Updated as per James P. Tuttle's The Hawk Moths of North America, July 2008
Mobile County, Alabama
Manduca rustica, Mobile, Alabama, August 25, 2005,
courtesy of Vickie McWhirter.
This page is inspired by and dedicated to
Vickie McWhirter who sent me the images of Manduca rustica
and Manduca sexta
at the top and bottom of this page.
Vickie writes, "I was very glad to find your site. I am in Mobile,
Alabama, and have seen the moth and wasn't sure what it was. I have
asked many people and no one seems to know either. I have night
blooming flowers that they just love. I finally got two close up
photos of them (Manduca rustica and Manduca sexta).
Just wanted to thank you again for your site."
Twenty-seven Sphingidae species are listed for Alabama on the U.S.G.S.
website. Not all of the species are reported or anticipated in
(Only Lapara coniferarum is reported on U.S.G.S.). It is hoped
that this checklist, with the thumbnails and notes, will help you
quickly identify the moths you are likely to encounter.
A "WO" after the species name indicates that
I have no confirmed reports of this species in Mobile County, but I
(William Oehlke) expect that this moth is present or
might be present.
indicates the moth is reported on the USGS website and/or in
Lepidoptera of North America, #1. Distribution of Silkmoths (Saturniidae) and Hawkmoths (Sphingidae)
of Eastern North America,
an excellent little booklet available through Paul Opler.
Please help me develop this list with improved, documented accuracy
by sending sightings (species, date, location), preferably with an
electronic image, via email to
The night-blooming moon flower will attract many
Sphingidae at dusk and into the night.
WO Pink-spotted hawkmoth,
This species is a strong migrant and adults nectar from
deep-throated flowers including moonflower (Calonyction aculeatum),
morning glory (Convolvulus), honey suckle (Lonicera)
and petunia (Petunia species).
the Elm Sphinx or Four-horned Sphinx
The upperside of the forewing is brown with dark brown and white markings including a white costal area near the wing base, dark streaks along the veins,
and a white spot in the cell.
Larvae feed on Elm (Ulmus), birch (Betula), basswood (Tilia), and
The upperside of the forewing is yellowish brown with no white markings, but there are indistinct black lines and dashes. The cell spot is gray with a black outline. The larvae feed in large groups and are much more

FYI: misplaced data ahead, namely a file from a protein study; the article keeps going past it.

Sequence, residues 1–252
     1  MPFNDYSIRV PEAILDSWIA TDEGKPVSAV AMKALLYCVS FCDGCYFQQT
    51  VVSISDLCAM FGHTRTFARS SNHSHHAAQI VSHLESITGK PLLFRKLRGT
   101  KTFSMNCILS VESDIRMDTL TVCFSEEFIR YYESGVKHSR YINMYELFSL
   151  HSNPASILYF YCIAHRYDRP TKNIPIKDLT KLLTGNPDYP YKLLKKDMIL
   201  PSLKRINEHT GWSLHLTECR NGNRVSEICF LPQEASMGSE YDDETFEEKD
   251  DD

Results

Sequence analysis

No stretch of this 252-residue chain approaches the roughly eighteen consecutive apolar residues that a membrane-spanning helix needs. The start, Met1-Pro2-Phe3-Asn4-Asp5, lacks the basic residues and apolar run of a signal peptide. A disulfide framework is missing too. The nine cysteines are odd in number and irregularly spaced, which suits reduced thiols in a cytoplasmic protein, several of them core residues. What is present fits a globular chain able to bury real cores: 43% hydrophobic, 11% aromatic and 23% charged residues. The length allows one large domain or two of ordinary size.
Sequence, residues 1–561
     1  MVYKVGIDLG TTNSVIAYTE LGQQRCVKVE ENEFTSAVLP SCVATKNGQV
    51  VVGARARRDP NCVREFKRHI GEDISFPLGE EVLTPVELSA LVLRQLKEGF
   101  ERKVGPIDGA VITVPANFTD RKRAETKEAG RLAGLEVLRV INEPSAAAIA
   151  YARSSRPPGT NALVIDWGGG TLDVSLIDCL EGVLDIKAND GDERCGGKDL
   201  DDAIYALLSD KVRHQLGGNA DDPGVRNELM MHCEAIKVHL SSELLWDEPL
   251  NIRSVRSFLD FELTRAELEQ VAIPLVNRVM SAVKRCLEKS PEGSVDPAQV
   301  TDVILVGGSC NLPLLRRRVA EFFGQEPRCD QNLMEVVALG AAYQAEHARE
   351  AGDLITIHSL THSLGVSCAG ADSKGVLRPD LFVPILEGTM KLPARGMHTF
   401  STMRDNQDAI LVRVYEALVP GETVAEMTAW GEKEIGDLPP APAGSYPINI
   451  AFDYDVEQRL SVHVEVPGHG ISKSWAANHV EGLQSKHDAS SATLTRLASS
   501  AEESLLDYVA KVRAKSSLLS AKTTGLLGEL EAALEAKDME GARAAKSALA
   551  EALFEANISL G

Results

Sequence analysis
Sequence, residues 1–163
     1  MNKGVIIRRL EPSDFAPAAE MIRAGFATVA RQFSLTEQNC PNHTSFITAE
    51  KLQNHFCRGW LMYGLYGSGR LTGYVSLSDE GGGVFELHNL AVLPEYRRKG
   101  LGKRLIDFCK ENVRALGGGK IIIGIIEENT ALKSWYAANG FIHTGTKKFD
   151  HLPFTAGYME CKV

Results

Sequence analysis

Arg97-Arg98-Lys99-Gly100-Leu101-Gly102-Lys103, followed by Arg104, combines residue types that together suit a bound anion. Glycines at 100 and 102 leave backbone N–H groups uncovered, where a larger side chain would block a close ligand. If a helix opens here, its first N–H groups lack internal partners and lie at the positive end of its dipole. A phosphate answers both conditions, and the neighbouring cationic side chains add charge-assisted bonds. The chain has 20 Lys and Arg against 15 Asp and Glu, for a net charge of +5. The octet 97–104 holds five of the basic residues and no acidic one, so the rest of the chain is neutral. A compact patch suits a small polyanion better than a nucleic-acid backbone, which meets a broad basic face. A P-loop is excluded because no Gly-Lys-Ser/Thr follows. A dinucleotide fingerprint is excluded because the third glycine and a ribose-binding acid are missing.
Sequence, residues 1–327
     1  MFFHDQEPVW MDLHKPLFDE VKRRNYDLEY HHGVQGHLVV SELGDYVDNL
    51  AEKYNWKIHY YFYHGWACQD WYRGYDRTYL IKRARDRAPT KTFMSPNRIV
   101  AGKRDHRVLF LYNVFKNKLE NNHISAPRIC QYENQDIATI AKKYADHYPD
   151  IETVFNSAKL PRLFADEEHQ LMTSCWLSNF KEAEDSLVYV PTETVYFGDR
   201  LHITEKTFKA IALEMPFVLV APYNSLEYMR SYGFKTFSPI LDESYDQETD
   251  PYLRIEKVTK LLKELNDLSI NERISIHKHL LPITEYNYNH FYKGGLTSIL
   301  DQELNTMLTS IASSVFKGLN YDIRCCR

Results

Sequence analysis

spectacular than the moths.
Catalpa is the larval host.
The upperside of the forewing is pale brownish gray with wavy black
and white lines and a black-outlined white cell spot. The upperside
of the hindwing is gray with diffuse darker bands.
The upperside of the forewing is dark brown with a dusting of white
scales. Some moths have patches of reddish or yellowish brown on the
WO, the Cypress or Baldcypress Sphinx
Isoparce cupressi, the rare Cypress Sphinx, flies in Cypress swamps in Georgia (specimen type locality), and from Maryland to Texas.
It has been reported in Mexico.
If you have pines, you
might have this species.
The upperside is of the forewing is gray with two
(sometimes one or three) black dashes near the wing center; other
markings are usually diffuse. The upperside of the hindwing is a
If you've got pines, this species is likely present.
The upperside of forewing is gray to grayish brown with a black line
running from the middle of the costa to the middle of the outer
margin; the line may be broken near the margin. There is a splash of
brown around the cell spot.
I suspect if you grow tomatoes, you are likely to encounter Manduca quinquemaculata.
Look for three large yellow spots
on each side of the abdomen. The upperside of the forewing is
yellowish brown to deep chocolate brown with a dusting of white
scales and zigzagged black and white lines.
If you grow tomatoes, you have probably encountered Manduca sexta
in the larval stage.
Larvae get very large and can strip a tomato plant.
The upperside of the forewing is gray with indistinct black and
white markings. There is a series of black dashes
from the base to the tip, and a small white cell spot.
The costal half of the forewings are grey, but the posterior portion
is a distinctive warm yellowish-brown; the boundary between these two
areas is marked with a series of dark diagonal streaks. Similar to
S. kalmiae but lacks the dark bar
along the fw inner margin.
The lower forewings are predominantly brownish-yellow with a fairly
wide dark bar along the inner margin. At rest the wings hug the body,
giving the moth a long slender look. unlikely
The adults are also highly variable; sometimes wings of an individual
may be all one color or may have several colors, ranging from pale to
dark brown, and may have a white or pink tinge. Patterns range from
faint to pronounced.
See the file for the female; she is different.
the Modest Sphinx or Poplar Sphinx
They are common on Prince Edward Island.
Paonias astylus flies from March-September in Florida and from
April-September in Louisiana. There is one brood northward from
This appears to be an uncommon species.
Named for the dull grey-blue spot (minus dark pupil) in the hindwing,
this moth has a wide distribution in the eastern United States.
I regularly see them on Prince Edward Island, and they are reported
as far south as Florida.
Named for the small eye-spot in the hindwing, this moth has a wide
distribution and is probably common in Frederick County.
I regularly see them on Prince Edward Island, and they are reported
as far south as Florida.
This moth is widely distributed and fairly common.
Along the East Coast, it flies from P.E.I. to Florida.
WO, the Titan Sphinx. possible stray
The body is dark brown with a wide white stripe across the abdomen.
The wings are dark brown. It is very similar to above species, but the
upperside of the hindwing has
pale patches along the costa and inner margin.
The body and wings are dark brown. The forewing has a large black
patch covering most of the outer half of the wing. There is a pale
tan cell spot (dark inner pupil), and a fairly straight median line
to the inside of the cell spot.
During the night adults nectar at flowers, including bouncing bet